Spam filter benchmarks and competitions force these groups to work and play together, with dramatic results. I will discuss five spam filter competitions run by ECML, TREC and CEAS, what they have taught us and what remains to be learned. The bottom line is that we know how to filter spam much better than we did three years ago.


DB Meeting: Friday February 1, 2:00pm, DC 1331 CANCELLED
Speaker: Ahmed Soror
Title: Automatic Virtual Machine Configuration for Database Workloads
Abstract: Virtual machine monitors are becoming popular tools for the deployment of database management systems and other enterprise software applications. In this talk we discuss how we can address the problem of optimizing the performance of database management systems by controlling the configurations of the virtual machines in which they run. These virtual machine configurations determine how the shared physical resources will be allocated to the different database instances. We will over view our technique which uses information about the anticipated workloads of each of the database systems to recommend workload-specific configurations.

Special Event: Friday February 8, 3:00-4:30pm, DC 3301
Title: Database Lab Open House

DB Seminar: Monday February 11, 2:30pm, DC 1304 (Please note change of time)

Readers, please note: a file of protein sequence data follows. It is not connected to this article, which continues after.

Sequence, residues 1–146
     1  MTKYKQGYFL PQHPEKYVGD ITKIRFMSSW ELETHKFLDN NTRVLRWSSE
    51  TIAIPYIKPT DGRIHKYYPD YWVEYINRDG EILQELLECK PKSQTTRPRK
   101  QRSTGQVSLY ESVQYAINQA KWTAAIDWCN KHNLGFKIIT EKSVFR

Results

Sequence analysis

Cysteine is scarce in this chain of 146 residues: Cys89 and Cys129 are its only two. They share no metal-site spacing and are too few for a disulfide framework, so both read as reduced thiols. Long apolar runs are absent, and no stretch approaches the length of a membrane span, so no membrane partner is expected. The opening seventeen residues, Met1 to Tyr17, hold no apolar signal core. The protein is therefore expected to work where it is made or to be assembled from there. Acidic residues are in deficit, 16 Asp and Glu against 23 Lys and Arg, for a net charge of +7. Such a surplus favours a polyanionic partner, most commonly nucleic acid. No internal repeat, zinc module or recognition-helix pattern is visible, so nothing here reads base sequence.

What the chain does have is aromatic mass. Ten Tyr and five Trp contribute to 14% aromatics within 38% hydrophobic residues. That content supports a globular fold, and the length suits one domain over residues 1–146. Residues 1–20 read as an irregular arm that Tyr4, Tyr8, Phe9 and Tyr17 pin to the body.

Speaker: Neoklis Polyzotis, University of California - Santa Cruz
Title: Depth Estimation for Ranking Query Optimization

DB Meeting: Friday February 15, 2:00pm, DC 1331
Speaker: David DeHaan
Title: Equivalence of conjunctive queries under various semantics
Abstract: This will be an informal talk on a classic database theory problem: testing query equivalence. This problem is fundamental to any logical query rewriting (such as using materialized views). I'll start with a quick refresher of some very basic database theory---containment and equivalence of conjunctive queries under set semantics, with extensions to disjunctions, inequalities, schema dependencies, etc. I'll then discuss some alternative semantics: bag and bag-set semantics (Chaudhuri&Vardi 1993) and "combined set/bag-set semantics" (Cohen 2006). Finally, I'll discuss my research into query equivalence for an SQL-like language that supports nesting of uninterpreted aggregation functions.

DB Meeting: Friday February 22, 2:00pm, DC 1304 (Please note change of room)
Speaker: Ahmed Soror
Title: Automatic Virtual Machine Configuration for Database Workloads